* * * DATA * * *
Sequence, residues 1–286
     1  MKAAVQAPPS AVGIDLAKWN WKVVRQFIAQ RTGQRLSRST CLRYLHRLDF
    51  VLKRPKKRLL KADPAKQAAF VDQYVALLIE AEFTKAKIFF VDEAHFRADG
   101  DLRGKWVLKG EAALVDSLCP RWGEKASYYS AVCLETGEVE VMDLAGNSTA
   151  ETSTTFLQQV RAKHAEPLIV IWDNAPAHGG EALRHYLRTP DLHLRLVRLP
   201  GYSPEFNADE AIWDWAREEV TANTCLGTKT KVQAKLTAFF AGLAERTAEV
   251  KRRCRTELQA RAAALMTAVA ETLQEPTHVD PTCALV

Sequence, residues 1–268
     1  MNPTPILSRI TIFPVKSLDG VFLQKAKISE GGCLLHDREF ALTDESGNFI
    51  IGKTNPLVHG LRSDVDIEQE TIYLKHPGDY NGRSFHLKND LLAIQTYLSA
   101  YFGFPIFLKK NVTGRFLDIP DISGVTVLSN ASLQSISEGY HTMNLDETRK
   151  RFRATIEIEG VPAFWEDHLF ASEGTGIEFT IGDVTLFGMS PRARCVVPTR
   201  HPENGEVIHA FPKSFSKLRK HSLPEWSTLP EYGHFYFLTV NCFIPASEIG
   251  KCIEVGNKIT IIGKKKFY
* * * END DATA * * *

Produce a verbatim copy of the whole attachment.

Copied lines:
Sequence, residues 1–286
     1  MKAAVQAPPS AVGIDLAKWN WKVVRQFIAQ RTGQRLSRST CLRYLHRLDF
    51  VLKRPKKRLL KADPAKQAAF VDQYVALLIE AEFTKAKIFF VDEAHFRADG
   101  DLRGKWVLKG EAALVDSLCP RWGEKASYYS AVCLETGEVE VMDLAGNSTA
   151  ETSTTFLQQV RAKHAEPLIV IWDNAPAHGG EALRHYLRTP DLHLRLVRLP
   201  GYSPEFNADE AIWDWAREEV TANTCLGTKT KVQAKLTAFF AGLAERTAEV
   251  KRRCRTELQA RAAALMTAVA ETLQEPTHVD PTCALV

Sequence, residues 1–268
     1  MNPTPILSRI TIFPVKSLDG VFLQKAKISE GGCLLHDREF ALTDESGNFI
    51  IGKTNPLVHG LRSDVDIEQE TIYLKHPGDY NGRSFHLKND LLAIQTYLSA
   101  YFGFPIFLKK NVTGRFLDIP DISGVTVLSN ASLQSISEGY HTMNLDETRK
   151  RFRATIEIEG VPAFWEDHLF ASEGTGIEFT IGDVTLFGMS PRARCVVPTR
   201  HPENGEVIHA FPKSFSKLRK HSLPEWSTLP EYGHFYFLTV NCFIPASEIG
   251  KCIEVGNKIT IIGKKKFY